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Many load switches implement a fix or controlled slew-rate of its output current in order to prevent inrush currents.

I was wondering what is the step response of this kind of switches after the slew-rate time. To be exact, if I use such a switch to charge 200uF capacitors and my circuit draw some energy from those capacitors (not fully discharged, just a little dip), will the switch re-charge the capacitors instantly or will they be charged smoothly due to slew-rate time?

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    \$\begingroup\$ It cannot be instant but limited by I, low ESR of cap, RdsOn of switch and energy available (Power*time) and soak time at voltage max. This can easily vary from seconds to minutes. \$\endgroup\$ Sep 4 '17 at 17:23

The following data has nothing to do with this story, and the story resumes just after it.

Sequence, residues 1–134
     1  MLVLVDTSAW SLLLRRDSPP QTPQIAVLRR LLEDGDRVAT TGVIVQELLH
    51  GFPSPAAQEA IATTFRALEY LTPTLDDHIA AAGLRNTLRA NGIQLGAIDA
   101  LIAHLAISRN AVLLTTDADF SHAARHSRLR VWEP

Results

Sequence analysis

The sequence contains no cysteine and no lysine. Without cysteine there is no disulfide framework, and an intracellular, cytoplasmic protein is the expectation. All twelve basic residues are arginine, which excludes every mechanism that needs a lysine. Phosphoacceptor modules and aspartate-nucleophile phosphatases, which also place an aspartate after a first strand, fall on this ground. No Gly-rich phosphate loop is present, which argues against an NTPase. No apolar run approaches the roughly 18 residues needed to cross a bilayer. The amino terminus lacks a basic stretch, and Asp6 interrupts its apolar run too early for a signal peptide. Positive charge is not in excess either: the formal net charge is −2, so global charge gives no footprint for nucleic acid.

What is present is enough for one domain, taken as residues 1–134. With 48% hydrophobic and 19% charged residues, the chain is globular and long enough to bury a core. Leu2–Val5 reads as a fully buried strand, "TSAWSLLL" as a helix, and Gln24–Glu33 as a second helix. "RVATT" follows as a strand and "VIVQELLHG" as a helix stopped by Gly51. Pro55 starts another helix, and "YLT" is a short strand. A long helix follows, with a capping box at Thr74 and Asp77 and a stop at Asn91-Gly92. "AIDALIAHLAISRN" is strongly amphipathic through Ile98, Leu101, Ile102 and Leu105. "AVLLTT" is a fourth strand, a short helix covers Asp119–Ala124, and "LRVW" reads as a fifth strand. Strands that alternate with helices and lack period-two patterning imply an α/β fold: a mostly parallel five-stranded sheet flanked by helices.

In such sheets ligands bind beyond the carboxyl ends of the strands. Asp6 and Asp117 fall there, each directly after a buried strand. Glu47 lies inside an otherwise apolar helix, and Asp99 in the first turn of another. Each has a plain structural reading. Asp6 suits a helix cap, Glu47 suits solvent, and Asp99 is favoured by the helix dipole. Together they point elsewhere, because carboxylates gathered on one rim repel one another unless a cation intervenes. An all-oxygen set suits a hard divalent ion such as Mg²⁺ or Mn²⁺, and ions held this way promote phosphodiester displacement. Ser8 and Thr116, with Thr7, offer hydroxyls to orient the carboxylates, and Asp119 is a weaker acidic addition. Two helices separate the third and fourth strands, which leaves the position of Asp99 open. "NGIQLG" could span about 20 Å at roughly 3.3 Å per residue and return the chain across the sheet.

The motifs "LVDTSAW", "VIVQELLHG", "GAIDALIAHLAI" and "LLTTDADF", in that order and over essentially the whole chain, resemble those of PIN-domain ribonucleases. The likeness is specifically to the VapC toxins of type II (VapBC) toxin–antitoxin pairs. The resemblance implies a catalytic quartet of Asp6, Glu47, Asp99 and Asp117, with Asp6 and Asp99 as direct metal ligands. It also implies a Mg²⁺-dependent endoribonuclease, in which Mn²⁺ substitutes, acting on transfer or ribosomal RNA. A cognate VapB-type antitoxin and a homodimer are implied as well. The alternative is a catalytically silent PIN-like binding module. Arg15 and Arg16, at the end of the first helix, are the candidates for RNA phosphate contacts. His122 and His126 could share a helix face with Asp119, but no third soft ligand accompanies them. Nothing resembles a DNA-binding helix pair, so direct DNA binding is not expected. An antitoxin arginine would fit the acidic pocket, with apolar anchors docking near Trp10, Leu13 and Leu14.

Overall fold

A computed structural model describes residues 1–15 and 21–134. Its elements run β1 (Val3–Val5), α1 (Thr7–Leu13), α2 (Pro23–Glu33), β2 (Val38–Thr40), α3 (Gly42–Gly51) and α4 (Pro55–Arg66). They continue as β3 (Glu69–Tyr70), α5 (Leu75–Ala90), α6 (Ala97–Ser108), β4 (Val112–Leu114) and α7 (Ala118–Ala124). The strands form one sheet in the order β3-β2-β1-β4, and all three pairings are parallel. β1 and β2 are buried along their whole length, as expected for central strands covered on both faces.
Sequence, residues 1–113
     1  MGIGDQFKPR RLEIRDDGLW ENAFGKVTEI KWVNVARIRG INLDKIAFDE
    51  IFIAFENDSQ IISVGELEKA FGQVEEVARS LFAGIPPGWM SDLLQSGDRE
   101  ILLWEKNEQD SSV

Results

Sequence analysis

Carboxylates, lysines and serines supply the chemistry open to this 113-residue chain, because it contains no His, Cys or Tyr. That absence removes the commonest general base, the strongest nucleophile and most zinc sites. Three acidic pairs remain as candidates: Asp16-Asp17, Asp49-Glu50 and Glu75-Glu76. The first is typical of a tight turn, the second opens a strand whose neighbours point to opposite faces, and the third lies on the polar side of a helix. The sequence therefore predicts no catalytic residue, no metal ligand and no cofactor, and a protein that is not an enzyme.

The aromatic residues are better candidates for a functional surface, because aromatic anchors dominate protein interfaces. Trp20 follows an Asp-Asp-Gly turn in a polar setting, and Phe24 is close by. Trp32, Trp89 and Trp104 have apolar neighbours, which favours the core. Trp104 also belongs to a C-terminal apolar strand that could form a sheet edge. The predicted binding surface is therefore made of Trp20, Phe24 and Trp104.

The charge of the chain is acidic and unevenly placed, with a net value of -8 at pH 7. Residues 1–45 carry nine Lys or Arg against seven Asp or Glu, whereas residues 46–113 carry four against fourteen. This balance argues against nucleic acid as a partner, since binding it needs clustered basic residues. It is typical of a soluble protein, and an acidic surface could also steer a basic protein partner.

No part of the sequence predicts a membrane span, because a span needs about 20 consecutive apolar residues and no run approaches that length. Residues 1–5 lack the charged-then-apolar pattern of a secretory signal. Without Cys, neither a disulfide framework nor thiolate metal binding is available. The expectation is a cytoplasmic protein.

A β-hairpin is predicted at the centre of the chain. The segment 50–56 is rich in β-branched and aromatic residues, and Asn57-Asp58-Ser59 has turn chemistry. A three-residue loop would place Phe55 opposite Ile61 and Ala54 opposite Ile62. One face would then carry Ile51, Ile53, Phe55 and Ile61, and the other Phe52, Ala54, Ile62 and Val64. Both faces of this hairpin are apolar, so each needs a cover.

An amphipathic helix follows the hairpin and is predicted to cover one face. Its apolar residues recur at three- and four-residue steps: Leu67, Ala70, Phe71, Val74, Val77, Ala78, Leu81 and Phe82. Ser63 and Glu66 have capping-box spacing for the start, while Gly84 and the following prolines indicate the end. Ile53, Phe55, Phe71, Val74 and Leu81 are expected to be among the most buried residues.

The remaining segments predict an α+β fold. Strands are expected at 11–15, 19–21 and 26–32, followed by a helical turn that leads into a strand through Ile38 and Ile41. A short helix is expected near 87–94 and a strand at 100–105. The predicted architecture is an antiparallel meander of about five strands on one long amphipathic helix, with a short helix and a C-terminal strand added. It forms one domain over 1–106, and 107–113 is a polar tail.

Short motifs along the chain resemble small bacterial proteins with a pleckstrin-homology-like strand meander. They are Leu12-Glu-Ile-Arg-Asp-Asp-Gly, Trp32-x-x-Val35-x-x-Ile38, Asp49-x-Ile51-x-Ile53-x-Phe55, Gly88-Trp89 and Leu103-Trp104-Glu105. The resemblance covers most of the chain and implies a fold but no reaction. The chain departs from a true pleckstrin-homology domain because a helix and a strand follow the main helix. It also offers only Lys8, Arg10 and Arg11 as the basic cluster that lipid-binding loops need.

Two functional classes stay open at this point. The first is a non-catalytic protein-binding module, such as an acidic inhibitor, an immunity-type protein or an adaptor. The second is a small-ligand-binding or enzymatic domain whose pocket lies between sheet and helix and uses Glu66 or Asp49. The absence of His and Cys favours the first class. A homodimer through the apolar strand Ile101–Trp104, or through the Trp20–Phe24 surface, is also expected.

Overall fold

• \$\begingroup\$ So, the slew-rate doesn't matter and the maximum allowed current would be flow throught the load switch. \$\endgroup\$
    – MrBit
    Sep 4 '17 at 17:29
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    \$\begingroup\$ fastest slew rate is limited by cap specs , ESR*C=T and dv/dt =Ic/C \$\endgroup\$ Sep 4 '17 at 17:33
  • \$\begingroup\$ So, once the load switch is enabled and Vout reaches its maximum value, the response would be same as it would with a conventional high side switch (P-channel mosfet). \$\endgroup\$
    – MrBit
    Sep 4 '17 at 17:45
  • \$\begingroup\$ essential same but with some memory effects. \$\endgroup\$ Sep 4 '17 at 17:55
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My reading of the Vishay SiP32508 high-side switch is that if the voltage on both ends of the IC doesn't droop below 1 - 1.1 V, then the slew control circuitry won't engage, and the IC will behave as a 44-mOhm Rds(on) transistor switch.

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